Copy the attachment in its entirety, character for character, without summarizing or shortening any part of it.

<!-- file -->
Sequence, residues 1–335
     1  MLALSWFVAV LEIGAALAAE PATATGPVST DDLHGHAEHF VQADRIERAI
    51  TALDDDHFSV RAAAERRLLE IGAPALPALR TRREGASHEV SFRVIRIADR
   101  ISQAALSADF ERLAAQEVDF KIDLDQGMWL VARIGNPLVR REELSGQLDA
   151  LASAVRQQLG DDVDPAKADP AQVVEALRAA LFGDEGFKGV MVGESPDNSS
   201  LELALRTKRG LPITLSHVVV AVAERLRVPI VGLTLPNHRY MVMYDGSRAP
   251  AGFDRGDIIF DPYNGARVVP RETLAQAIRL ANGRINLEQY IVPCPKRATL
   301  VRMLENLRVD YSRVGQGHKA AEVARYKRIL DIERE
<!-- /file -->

Sequence, residues 1–335
     1  MLALSWFVAV LEIGAALAAE PATATGPVST DDLHGHAEHF VQADRIERAI
    51  TALDDDHFSV RAAAERRLLE IGAPALPALR TRREGASHEV SFRVIRIADR
   101  ISQAALSADF ERLAAQEVDF KIDLDQGMWL VARIGNPLVR REELSGQLDA
   151  LASAVRQQLG DDVDPAKADP AQVVEALRAA LFGDEGFKGV MVGESPDNSS
   201  LELALRTKRG LPITLSHVVV AVAERLRVPI VGLTLPNHRY MVMYDGSRAP
   251  AGFDRGDIIF DPYNGARVVP RETLAQAIRL ANGRINLEQY IVPCPKRATL
   301  VRMLENLRVD YSRVGQGHKA AEVARYKRIL DIERE